1 Answer 1


As well as wanting very low voltage drop in battery backup mode, in the comments you say

the mains supply's output is 9V nominal, and I want to have as much of that available as possible

The obvious solution is to combine the power sources through 2 'ideal diodes' which have very low voltage drop. If a dedicated IC is not acceptable then you could use discrete transistors instead. The circuit is similar to the one shown here, but with higher value resistors to reduce quiescent current draw.


simulate this circuit – Schematic created using CircuitLab

R1 (R3) is made a lower value than R2 (R4) to make the Base-Emitter voltage of Q1 (Q4) slightly greater than Q2 (Q3), causing Q2 to turn on and keep the FET turned off until the 'ideal diode' drops a small 'forward' voltage. To ensure that this works reliably the transistors should be thermally coupled and well matched.

For a one-off circuit you could use unmatched transistors, but test the circuit with a small load current and swap them around to get the highest 'forward' voltage drop across the FET. This should ensure that it turns off promptly with negative bias, though in your application it may not be critical.

  • \$\begingroup\$ BTW: I got a "blip" of reverse current into the battery at startup in my LTspice sim of this circuit with R1=R2=750k, is that a sign there's an upper bound on the resistance values used in this circuit? \$\endgroup\$ Jul 26, 2020 at 14:20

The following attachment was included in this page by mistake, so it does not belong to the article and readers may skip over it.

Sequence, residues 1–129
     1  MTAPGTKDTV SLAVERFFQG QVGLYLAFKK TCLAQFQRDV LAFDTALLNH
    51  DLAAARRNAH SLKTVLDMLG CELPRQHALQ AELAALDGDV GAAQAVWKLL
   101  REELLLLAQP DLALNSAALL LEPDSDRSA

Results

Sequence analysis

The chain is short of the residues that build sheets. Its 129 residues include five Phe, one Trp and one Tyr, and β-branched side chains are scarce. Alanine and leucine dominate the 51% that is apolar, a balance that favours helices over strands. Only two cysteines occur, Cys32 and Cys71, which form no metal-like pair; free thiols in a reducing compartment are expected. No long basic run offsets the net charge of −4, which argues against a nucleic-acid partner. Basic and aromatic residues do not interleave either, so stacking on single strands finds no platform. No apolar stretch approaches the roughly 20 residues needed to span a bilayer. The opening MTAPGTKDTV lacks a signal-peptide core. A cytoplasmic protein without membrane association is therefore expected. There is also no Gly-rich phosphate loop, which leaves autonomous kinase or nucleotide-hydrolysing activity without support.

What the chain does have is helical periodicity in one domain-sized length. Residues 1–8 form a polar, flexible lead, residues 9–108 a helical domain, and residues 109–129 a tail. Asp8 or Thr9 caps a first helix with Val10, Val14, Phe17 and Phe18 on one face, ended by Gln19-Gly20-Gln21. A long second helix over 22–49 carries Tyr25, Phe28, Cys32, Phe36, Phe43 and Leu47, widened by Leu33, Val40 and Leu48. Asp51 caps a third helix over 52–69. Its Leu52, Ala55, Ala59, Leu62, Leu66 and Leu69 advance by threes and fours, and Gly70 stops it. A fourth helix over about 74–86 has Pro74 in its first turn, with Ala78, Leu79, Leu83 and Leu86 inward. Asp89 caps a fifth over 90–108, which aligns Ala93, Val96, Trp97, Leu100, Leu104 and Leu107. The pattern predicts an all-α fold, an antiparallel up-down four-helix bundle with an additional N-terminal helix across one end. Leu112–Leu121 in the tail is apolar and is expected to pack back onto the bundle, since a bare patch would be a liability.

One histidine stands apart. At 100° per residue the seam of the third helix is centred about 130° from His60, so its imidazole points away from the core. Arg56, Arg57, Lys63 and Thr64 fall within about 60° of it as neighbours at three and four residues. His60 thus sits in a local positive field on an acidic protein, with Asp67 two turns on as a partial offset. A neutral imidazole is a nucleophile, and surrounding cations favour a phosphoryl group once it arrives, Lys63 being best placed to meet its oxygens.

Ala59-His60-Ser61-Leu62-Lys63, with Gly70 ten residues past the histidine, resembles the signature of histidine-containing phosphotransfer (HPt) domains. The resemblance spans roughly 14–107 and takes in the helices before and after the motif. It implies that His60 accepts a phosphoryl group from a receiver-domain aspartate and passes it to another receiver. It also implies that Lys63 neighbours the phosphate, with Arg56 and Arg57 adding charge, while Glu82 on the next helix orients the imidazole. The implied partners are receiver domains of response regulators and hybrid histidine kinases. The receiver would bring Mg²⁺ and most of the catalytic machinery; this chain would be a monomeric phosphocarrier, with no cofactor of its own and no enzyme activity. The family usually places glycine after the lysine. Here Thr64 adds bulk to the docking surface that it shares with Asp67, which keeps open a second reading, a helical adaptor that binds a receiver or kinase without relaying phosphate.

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    \$\begingroup\$ The higher the resistance of R2 the slower the FET turns on, due to Gate capacitance. Normally Q2 turns on quickly as it amplifies current supplied by R1, so the FET turns off quickly (before the other one turns on), but with very high R1 value Q2 also takes longer to discharge the Gate so the FET turns off slowly, causing a blip of reverse current when both FETs are on together. Assuming the power isn't switched very often this short blip shouldn't be a problem. Leakage through the FET may put more charge into the battery in the long term. \$\endgroup\$ Jul 26, 2020 at 21:27
  • \$\begingroup\$ I did some more simulation work in LTspice and found out one caveat about this circuit -- if BAT1 is connected backwards with the 9V rail powered up, then Q1's B-E junction gets hit with oh, 18V of reverse bias = bye bye Q1 \$\endgroup\$ Feb 16 at 5:00
  • \$\begingroup\$ So don't do that. Connecting a battery with reverse polarity is fatal to most electronic devices. If you can't avoid that possibility then a resistor between Q1 and Q2 Base (eg. 10k) would limit reverse b-e current to a safe level. \$\endgroup\$ Feb 17 at 20:50
  • \$\begingroup\$ Yeah, while you and I can be counted on to not hose things up, end users aren't so reliable :P (and some product standards call for testing the product vs. reverse battery conditions). I'll keep the resistor in mind if whacking 1N4148s in series with the emitters of Q1 and Q2 doesn't do the trick \$\endgroup\$ Feb 17 at 22:58